Land surveyor certificate programs are designed for individuals who are already working in a related field and need to meet training requirements for professional state licensing. Involving some engineering and math, a bachelor's degree or certificate program focuses on surveying skills and techniques, advance equipment, construction laws, safety and design.
Admission requirements vary by program. Some allow students to begin classes while still in high school, while others mandate a bachelor's degree. However, the majority only expect a high school diploma or General Education Development (GED) equivalent and completion of upper-level math courses, such as trigonometry or pre-calculus. Most programs can be completed in 1-2 semesters.
Land Surveyor Certificate
Students enrolled in a land survey certificate program will learn how to establish official boundaries, write descriptions for legal documents, take measurements, gather data, and plan and prepare surveying sites and charts. Common topics include:
- Instruments for surveying
- Boundary control
- Survey law
- Zoning regulations
- Computing in surveying
Employment Outlook and Salary Info
A land surveying certificate can prepare individuals to work for architectural and engineering firms, government agencies and construction companies. According to the U.S. Bureau of Labor Statistics (BLS), surveyors earned a median annual wage of $58,020 in May of 2015 and are expected to see a 2% decline in jobs over 2014-2024.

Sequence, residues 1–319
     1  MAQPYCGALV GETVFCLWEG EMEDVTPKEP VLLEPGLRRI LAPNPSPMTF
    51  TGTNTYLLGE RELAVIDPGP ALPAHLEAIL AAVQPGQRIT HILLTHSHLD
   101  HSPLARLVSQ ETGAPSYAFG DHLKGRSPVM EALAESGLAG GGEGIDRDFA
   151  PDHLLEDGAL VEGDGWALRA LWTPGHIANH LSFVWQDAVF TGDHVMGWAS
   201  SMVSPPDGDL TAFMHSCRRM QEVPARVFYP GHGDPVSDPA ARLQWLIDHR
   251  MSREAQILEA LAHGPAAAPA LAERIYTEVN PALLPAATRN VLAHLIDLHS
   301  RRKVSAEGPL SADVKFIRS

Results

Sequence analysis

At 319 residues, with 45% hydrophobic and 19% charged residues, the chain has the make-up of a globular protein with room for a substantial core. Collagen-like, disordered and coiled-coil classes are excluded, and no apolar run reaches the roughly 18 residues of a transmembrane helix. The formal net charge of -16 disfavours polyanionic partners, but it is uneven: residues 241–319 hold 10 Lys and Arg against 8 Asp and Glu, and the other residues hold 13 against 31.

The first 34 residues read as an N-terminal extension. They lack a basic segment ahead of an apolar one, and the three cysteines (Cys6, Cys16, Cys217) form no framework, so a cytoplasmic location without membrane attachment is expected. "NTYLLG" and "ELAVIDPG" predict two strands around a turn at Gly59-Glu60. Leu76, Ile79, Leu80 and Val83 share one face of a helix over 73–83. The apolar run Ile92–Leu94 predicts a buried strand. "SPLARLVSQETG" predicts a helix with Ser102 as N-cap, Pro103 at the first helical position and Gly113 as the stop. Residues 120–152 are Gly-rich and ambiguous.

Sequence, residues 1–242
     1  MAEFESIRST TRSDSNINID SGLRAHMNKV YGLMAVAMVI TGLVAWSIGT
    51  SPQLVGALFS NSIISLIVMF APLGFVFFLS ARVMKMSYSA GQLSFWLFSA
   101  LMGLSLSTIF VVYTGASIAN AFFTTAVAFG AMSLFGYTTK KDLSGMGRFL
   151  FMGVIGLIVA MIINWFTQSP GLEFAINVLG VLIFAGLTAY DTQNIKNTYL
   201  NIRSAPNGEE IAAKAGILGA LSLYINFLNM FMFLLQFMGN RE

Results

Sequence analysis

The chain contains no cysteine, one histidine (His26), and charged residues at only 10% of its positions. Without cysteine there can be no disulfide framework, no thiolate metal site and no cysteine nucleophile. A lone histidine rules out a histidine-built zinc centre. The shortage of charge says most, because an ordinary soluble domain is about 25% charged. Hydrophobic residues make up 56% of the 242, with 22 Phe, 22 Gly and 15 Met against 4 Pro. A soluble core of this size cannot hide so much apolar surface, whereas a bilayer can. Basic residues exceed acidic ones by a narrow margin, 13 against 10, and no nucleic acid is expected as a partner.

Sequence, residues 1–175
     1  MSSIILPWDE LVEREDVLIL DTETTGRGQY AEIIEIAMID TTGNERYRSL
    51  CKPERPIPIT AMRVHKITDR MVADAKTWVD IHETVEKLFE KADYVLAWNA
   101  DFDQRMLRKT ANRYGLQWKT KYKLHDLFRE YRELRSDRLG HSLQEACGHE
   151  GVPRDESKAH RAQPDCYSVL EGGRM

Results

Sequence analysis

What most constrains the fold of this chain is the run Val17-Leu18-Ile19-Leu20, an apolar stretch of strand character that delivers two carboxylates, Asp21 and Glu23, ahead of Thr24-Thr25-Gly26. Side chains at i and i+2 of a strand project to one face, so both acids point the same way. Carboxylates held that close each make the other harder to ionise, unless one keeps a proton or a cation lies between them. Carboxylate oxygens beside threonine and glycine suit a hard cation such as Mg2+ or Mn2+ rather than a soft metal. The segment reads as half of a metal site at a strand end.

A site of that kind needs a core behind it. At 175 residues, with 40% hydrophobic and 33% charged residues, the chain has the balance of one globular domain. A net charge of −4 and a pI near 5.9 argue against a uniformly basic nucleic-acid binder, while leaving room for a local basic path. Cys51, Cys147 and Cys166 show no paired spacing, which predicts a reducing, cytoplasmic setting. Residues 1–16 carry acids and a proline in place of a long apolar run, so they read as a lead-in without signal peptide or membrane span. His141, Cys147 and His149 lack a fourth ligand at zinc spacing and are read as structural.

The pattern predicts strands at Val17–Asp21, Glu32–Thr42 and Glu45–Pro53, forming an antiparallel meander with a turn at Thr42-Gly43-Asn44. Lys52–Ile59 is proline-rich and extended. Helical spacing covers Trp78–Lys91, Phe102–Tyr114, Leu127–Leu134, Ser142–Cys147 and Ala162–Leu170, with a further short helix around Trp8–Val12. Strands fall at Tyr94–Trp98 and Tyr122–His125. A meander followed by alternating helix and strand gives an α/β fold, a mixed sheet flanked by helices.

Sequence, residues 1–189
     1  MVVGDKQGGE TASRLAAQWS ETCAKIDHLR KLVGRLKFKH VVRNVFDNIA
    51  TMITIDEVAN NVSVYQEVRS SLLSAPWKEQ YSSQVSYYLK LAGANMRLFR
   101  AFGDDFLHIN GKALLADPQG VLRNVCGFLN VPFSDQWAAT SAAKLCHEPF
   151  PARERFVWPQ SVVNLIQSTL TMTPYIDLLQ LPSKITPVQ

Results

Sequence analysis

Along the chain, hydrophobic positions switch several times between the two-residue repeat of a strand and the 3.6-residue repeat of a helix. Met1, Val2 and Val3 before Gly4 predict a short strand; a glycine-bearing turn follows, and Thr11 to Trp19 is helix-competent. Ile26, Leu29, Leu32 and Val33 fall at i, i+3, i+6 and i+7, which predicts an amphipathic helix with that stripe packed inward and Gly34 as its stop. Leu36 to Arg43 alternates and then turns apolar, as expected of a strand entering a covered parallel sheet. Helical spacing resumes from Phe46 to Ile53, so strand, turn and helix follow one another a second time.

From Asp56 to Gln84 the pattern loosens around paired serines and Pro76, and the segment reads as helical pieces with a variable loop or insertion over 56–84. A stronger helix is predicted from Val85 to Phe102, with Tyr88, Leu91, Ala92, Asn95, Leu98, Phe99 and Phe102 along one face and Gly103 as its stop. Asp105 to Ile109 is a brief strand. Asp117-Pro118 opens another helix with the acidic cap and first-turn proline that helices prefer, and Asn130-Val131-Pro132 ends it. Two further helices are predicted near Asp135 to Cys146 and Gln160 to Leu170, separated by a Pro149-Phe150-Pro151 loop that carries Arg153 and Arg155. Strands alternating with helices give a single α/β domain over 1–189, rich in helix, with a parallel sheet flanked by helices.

Continuing Education and Licensure Information
All states require surveyors to be licensed. Licensure usually involves passing written exams through the National Council of Examiners for Engineering and Surveying. The exams are given in a series, which is completed over a period of time. During this time, individuals gain work experience to qualify for the next exam in the series. Most states also have their own licensing exam that surveyors are required to pass. Some states require individuals to have a bachelor's degree in order to become licensed. Students may complete a bachelor's degree in surveying, civil engineering, forestry or another related field to meet this criteria.
Surveying certificate programs train students in mathematics and the use of advance technology and equipment. After obtaining a license, a land survey graduate can work for private firms, government agencies and construction companies.